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Listed 4 sub titles with search on: Information about the place  for wider area of: "LIMNEA Ancient city AMFILOCHIA" .

Information about the place (4)

Greek & Roman Geography (ed. William Smith)


  Limnaia: Eth. Limnaios: Kervasara. A town in Acarnania at the SE. corner of the Ambraciot gulf, on the very frontier of Acarnania towards Argos. There has been a dispute about its site, but the ruins at Kervasara are probably the remains of Limnaea: some modern writers would place it more to the W., either at Lutraki, or at Ruga. Tie former supposition, however, appears to be the more correct, since we learn from Thucydides that Limnaea lay on the road from Ambracia and Argos Amphilochicum to Stratus, which could not have been the case if Limnaea lay to the W. of Kervasara. Philip III., king of Macedonia, disembarked at Limnaea, when about to invade Aetolia. There is a marsh near Kervasara, two miles in length, from which Limnaea appears to have derived its name (Thuc. ii. 80, iii. 105 ; Pol. v. 5).

This text is from: Dictionary of Greek and Roman Geography (1854) (ed. William Smith, LLD). Cited June 2004 from The Perseus Project URL below, which contains interesting hyperlinks

Harpers Dictionary of Classical Antiquities


(Aimnaia). A town in the north of Acarnania, near the Ambracian Gulf, on which it had a harbour.

Perseus Project index


Total results on 16/5/2001: 5

The Princeton Encyclopedia of Classical Sites


  Small harbor town at the head of a deep bay in the SE corner of the Gulf of Arta. Mentioned in the literature (Thuc. 2.80.8; Polyb. 5.5.12-6.5), it owed its importance to its good harbor and its position astride the main road from Stratos to Ambrakia (Arta). The Albanian adventurer Ali Pasha, in the early 19th c., repaired the ancient citadel and founded a new town within its walls.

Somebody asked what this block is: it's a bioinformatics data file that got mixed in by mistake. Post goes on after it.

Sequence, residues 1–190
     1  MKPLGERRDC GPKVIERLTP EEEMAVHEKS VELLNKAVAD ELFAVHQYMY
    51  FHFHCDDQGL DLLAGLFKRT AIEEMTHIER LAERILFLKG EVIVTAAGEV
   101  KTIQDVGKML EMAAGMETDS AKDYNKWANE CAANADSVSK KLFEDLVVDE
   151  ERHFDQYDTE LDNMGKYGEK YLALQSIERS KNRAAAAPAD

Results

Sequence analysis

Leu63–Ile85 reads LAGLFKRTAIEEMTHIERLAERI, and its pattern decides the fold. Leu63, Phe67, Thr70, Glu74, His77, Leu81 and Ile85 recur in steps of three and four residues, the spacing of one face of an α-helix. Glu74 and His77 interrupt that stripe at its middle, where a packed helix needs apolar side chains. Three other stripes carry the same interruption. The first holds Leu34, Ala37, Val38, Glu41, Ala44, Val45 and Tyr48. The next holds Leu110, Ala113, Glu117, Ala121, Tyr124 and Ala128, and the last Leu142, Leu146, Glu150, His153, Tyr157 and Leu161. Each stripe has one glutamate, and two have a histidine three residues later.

Limnaia must have extended down to the sea; but modern building has erased all ancient remains near the harbor. About 50 m from the shore can be seen the first fragments of the E long wall, one of two linking the citadel to the harbor area. This wall ascends the NE nose of the citadel hill, which it then encircles on the E, S, and W. Where the ground begins to fall on the NW a cross wall returns E, completing the enclosure of the hilltop, while the W long wall angles down the steep slopes towards the modern road and the harbor. The whole system of fortifications seems to be Hellenistic.
  There are extensive remains on the hilltop, but most of these belong to Ali Pasha's now deserted settlement.

F. E. Winter, ed.
This text is from: The Princeton encyclopedia of classical sites, Princeton University Press 1976. Cited Nov 2002 from Perseus Project URL below, which contains bibliography & interesting hyperlinks.

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